Michael Shannon - Superman's new nemesis slips into the costume

Michael Shannon is evil General Zod in the new Man of Steel. James Mottram meets the actor who wowed critics in Take Shelter

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The Independent Culture

Spare a thought for Michael Shannon. If there was one major oversight during this year's awards season, it was his shut-out for Take Shelter. While Shame star Michael Fassbender might feel aggrieved at missing out on an Oscar nomination, Shannon got overlooked at the Academy Awards, the Golden Globes and the Baftas. There was just a solitary nod at the Independent Spirit Awards – though several of the more discerning US critics organisations saw fit to award him Best Actor. Trade paper The Hollywood Reporter, meanwhile, claimed there was "possibly no more mesmerising American actor" working today.

Not that Shannon is griping when we meet. The past year has been insane for him, work-wise. A series regular on the epic Martin Scorsese-produced Boardwalk Empire – he plays the increasingly conflicted FBI agent, Nelson Van Alden – he also popped up in Machine Gun Preacher, as Gerard Butler's junkie pal. On the way is thriller Premium Rush, in which Shannon terrorises Joseph Gordon-Levitt's bike-messenger, but it's the role he that has just wrapped that will send him stratospheric: as Superman's nemesis, General Zod, in the forthcoming reboot Man of Steel.

So does he feel like it's his time? "Ah, gee," he says, almost bashfully. "I don't see what more could be happening. Put it that way. Unless I receive a medal from the President! But you're always reluctant to get too proud of your accomplishments in this business. It can all go south in the blink of an eye."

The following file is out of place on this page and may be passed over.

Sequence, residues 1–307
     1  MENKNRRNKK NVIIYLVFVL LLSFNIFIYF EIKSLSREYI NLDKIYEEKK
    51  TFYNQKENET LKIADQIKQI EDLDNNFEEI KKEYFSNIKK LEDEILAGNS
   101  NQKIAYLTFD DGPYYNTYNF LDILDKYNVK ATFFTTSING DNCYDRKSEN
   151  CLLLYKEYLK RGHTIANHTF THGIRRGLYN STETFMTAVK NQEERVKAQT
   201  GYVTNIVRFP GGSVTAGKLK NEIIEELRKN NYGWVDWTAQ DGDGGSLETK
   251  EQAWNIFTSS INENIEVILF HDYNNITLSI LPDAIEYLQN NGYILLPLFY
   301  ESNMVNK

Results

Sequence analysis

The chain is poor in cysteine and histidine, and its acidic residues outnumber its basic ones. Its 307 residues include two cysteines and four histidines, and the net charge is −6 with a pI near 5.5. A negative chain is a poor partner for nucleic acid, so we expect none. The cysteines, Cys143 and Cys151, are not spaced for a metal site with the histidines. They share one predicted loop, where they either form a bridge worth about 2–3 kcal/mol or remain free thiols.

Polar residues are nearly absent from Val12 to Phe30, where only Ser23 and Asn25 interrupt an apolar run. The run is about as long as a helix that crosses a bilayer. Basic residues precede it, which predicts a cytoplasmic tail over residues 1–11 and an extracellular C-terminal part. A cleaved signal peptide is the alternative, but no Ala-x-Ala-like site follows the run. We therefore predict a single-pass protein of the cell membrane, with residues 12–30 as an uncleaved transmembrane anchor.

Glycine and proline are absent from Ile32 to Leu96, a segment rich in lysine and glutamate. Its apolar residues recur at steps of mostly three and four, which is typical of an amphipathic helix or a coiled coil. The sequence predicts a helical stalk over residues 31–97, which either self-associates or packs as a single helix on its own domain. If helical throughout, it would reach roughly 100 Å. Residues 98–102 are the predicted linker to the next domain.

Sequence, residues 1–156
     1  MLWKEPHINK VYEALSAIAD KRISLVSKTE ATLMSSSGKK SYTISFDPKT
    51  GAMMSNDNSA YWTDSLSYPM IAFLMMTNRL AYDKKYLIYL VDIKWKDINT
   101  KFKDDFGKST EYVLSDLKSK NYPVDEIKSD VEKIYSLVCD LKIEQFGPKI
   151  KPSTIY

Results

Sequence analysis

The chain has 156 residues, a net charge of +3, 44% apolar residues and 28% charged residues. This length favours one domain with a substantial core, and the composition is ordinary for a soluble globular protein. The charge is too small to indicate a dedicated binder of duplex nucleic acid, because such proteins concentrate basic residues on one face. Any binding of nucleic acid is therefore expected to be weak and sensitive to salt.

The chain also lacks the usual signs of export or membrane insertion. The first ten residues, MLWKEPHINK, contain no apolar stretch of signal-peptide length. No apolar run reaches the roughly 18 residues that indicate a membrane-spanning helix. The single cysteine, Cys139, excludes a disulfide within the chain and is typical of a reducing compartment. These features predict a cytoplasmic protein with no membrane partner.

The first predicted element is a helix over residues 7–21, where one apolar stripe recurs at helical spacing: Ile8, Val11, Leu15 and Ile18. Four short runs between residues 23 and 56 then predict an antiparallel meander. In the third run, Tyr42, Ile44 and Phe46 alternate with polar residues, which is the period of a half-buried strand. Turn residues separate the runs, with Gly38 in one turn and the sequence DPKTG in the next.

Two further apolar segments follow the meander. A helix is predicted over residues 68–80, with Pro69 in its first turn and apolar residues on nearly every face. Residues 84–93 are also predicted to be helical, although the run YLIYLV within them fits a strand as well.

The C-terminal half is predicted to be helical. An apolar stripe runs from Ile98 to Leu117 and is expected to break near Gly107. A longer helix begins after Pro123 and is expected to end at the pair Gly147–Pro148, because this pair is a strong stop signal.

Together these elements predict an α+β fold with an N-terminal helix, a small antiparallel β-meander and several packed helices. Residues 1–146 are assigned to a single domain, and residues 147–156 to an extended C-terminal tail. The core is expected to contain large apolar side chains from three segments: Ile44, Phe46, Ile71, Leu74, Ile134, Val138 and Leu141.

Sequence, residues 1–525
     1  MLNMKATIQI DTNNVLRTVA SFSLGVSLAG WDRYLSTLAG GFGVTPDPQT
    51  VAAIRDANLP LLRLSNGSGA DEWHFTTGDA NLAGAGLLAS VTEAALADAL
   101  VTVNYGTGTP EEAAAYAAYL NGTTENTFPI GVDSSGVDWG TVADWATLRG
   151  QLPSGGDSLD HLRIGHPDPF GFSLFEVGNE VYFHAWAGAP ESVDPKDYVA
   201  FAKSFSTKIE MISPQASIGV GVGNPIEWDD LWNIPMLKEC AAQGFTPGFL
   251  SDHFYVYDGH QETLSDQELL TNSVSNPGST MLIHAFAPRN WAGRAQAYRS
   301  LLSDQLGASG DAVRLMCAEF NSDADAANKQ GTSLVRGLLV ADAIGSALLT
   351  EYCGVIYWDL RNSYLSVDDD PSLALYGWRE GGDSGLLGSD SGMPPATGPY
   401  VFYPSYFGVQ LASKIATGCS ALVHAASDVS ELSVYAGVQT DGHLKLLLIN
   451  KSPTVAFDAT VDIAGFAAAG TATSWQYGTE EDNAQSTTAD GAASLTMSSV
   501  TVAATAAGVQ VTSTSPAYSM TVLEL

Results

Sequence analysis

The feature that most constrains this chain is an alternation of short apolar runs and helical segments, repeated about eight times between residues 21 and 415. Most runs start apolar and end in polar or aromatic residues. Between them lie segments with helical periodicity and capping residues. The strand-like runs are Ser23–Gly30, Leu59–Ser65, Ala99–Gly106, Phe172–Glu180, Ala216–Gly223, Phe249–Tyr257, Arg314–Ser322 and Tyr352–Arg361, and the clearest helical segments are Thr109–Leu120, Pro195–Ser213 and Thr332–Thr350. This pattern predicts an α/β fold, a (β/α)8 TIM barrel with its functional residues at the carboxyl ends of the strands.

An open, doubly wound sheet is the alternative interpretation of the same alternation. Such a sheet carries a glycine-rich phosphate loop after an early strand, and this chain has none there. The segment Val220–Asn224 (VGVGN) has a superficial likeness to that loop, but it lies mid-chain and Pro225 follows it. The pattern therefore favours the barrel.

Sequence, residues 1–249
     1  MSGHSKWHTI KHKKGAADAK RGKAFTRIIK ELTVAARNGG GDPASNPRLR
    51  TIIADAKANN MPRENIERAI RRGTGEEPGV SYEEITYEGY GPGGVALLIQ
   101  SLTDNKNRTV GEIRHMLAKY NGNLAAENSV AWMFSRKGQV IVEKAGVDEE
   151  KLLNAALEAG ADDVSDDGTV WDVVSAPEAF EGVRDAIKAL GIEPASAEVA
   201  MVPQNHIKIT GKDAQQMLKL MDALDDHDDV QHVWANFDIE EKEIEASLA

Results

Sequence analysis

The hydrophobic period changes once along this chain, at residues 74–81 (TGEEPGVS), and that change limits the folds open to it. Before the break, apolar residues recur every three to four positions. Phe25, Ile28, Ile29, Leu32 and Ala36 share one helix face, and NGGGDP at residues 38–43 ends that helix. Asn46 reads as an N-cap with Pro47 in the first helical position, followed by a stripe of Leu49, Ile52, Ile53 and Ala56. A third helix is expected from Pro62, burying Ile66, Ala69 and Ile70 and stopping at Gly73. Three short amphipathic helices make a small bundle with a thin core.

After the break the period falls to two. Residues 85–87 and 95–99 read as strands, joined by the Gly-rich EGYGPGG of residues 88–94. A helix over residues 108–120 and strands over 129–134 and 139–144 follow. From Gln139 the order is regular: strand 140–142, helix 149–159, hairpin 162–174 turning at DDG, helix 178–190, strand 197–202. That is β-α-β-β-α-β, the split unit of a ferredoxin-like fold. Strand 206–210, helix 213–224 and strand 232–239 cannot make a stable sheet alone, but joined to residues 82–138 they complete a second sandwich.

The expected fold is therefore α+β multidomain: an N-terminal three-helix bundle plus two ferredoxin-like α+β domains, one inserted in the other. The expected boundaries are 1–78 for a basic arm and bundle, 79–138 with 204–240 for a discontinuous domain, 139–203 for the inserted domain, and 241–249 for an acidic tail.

Admittedly, that doesn't seem likely with the 37 year-old Shannon, who has more than paid his dues since he made his feature film debut as a groom in 1993's Groundhog Day (none more so than playing punch-bag to an excitable marsupial in Kangaroo Jack).

In some ways, his position is nigh-on perfect. And as much as he'll hate to hear it, he's a natural-born scene-stealer too – none more so than in Sam Mendes' Revolutionary Road, in which he played the sage-like neighbour to Kate Winslet and Leonardo DiCaprio's warring couple.

While that won him an Oscar nomination for Best Supporting Actor, Shannon was swiftly forgotten in the rush to anoint Heath Ledger with a posthumous award for playing The Joker in The Dark Knight. Rather like after his Take Shelter omission this year, Shannon wasn't bothered. "For me, you're either working or you're not."

He is not above admitting he suffers from anxieties, if not quite as violently as Curtis, his character in Take Shelter, who begins to unravel psychologically as he becomes plagued by visions of the apocalypse. Much of this anxiety, he admits, comes from the economic hardships many are facing. It's one of the key themes in Take Shelter, which sees Curtis's meltdown chime with the global recession.

"It's hard to feel settled nowadays," he says. "My mama has a mortgage like that, one of those crazy mortgages that have been bringing everybody down." In the past, Shannon has told me he has "a very complicated relationship" with his mother, a lawyer named Geraldine Hine. "There's been animosity, tension". She and Shannon's father, Donald, an accounting professor, split when he was young. Perhaps it's no coincidence, then, that he seems destined to play out familial discord on screen.